At The New York Times, crowdsourcing—be it a reader comments, photos, or additional on-the-scene information—is overseen by careful editorial judgment, said social media editor Lexi Mainland.

The advantages to this approach can be seen in the NYT’s Boston bombings coverage. Mainland worked closely with reporters and editors to create an interactive graphic, based on a single freeze frame taken from surveillance footage of the finish line, that captured the moment of the first bomb explosion from the perspective of those who were there.

Times journalists and editors first tried to identify as many people in the freeze frame as possible, said Mainland. She then put out a call on the Lede Blog asking readers for their help. Four of the 19 verified accounts on the final interactive came from Mainland’s crowdsourcing efforts.

Crowdsourcing “not only gives us a window into a story that we might not have had otherwise, but it also fosters a deeper connection between us and the people who are consuming our journalism,” said Mainland.

But just because it is easy to reach out doesn’t mean it is always the answer, said Mainland. She believes that as much consideration should be given to crowdsourcing as to any other form of reporting.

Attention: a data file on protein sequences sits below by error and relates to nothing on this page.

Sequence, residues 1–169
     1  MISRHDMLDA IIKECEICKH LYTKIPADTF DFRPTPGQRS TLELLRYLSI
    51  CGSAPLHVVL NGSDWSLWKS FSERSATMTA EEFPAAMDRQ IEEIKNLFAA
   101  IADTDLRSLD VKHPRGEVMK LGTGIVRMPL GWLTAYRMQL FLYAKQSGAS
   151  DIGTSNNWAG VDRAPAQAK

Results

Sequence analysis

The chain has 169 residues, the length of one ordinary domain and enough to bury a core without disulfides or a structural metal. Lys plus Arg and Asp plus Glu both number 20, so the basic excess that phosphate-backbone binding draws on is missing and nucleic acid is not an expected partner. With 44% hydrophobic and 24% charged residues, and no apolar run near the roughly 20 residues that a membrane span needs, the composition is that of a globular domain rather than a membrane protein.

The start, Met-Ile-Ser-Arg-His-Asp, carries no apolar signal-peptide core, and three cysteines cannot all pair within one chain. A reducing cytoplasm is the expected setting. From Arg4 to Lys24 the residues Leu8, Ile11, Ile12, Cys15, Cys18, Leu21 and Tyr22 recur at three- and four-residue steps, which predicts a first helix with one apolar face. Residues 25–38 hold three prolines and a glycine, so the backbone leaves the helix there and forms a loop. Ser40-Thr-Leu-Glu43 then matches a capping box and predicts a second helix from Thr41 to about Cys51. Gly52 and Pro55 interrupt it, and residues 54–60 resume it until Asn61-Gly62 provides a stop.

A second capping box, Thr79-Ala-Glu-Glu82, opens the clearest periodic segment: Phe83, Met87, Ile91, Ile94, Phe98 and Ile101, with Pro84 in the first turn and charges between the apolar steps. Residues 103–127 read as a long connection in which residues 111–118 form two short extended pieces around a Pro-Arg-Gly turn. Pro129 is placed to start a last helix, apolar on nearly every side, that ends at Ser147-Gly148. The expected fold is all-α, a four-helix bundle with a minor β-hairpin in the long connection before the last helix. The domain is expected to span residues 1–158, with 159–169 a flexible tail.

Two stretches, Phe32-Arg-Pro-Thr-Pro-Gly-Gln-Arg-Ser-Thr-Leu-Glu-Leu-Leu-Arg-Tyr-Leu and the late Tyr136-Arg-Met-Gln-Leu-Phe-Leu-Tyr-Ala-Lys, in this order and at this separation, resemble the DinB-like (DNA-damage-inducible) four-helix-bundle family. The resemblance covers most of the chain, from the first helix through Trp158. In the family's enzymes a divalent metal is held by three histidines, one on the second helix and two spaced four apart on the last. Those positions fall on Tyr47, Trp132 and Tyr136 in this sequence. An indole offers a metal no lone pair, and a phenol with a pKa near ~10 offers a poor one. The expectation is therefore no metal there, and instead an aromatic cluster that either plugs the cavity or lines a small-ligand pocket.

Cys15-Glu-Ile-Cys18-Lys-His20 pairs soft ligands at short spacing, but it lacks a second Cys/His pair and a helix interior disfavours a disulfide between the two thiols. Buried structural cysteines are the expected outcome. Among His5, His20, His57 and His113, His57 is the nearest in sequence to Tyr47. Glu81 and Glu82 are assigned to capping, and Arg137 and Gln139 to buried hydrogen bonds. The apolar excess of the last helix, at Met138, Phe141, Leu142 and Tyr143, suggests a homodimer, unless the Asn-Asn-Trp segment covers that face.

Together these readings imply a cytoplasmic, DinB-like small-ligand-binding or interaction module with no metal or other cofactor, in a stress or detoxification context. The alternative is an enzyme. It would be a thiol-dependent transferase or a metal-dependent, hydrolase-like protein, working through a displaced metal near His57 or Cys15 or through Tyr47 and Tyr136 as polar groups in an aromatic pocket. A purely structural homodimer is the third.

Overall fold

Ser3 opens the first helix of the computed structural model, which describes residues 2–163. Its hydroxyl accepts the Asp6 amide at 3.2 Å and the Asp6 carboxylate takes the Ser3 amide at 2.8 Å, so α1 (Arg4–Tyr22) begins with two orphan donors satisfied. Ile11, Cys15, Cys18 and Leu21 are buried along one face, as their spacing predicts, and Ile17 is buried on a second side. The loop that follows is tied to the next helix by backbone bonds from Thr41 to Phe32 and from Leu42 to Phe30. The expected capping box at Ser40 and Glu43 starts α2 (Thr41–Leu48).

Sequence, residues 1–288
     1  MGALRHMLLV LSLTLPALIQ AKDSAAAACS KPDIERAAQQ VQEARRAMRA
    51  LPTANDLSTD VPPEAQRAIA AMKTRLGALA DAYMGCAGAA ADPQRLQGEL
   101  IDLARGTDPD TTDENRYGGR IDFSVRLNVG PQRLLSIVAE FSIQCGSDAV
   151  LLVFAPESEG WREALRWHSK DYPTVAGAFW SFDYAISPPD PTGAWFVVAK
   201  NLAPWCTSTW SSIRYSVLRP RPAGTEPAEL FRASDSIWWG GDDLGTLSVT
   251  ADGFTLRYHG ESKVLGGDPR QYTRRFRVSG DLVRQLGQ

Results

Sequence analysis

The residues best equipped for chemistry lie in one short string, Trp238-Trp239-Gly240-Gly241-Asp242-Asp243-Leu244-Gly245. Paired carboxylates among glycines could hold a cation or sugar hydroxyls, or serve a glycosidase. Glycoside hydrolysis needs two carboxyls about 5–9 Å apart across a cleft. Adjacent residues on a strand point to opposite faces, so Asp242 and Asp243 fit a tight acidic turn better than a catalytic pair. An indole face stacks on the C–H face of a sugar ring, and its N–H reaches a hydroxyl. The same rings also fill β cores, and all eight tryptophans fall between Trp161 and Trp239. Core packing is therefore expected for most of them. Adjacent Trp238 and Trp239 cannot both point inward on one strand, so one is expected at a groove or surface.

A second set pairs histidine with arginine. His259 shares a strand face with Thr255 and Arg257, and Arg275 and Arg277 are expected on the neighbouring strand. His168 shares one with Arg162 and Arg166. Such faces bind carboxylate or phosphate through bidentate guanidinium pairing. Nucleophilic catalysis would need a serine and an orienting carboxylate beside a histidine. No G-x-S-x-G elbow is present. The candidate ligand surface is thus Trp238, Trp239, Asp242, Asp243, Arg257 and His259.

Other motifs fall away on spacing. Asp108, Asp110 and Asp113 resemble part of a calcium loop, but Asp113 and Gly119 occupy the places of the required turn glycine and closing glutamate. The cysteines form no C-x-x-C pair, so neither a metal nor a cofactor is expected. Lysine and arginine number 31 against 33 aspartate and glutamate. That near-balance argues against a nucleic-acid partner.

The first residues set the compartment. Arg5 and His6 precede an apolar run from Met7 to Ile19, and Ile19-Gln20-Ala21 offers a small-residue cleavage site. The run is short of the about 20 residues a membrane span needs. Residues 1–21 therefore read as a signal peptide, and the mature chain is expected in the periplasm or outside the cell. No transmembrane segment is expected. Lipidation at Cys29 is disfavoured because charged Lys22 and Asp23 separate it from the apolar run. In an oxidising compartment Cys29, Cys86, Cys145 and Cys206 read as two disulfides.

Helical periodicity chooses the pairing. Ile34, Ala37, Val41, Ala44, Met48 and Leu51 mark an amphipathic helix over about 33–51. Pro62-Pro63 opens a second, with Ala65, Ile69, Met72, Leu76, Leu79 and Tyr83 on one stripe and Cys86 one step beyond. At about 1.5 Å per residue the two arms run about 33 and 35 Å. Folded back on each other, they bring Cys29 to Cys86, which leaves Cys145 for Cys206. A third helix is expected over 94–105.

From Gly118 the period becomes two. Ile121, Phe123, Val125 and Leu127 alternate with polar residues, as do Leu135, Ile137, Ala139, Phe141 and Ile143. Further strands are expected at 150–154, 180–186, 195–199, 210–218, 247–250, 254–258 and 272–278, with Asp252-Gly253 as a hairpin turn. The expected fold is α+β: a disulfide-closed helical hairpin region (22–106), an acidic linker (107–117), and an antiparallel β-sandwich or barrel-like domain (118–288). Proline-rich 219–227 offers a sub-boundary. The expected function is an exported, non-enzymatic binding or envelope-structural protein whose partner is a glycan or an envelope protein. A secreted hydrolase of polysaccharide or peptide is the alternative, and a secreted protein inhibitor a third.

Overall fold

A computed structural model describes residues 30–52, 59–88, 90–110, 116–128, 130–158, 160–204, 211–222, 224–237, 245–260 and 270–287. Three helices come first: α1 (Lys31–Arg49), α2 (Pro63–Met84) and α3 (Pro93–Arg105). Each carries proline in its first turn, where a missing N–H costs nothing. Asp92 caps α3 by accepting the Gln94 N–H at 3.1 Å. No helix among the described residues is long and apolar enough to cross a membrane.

“I think now more than ever, news organizations—media organizations—should be stepping in to do what they do best, which is ferret out what’s true and what’s real and to figure out what the true story is in a mass of information,” said Mainland.

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Katie Akagi and Stephanie Linning are students at the Columbia University Graduate School of Journalism.
Akagi, a former high-school teacher, holds a B.A. in feminist studies and can be contacted at katie.akagi@gmail.com.
A recent drama graduate of the University of Bristol in England, Linning can be reached at sjlinning@gmail.com or @stephlinning.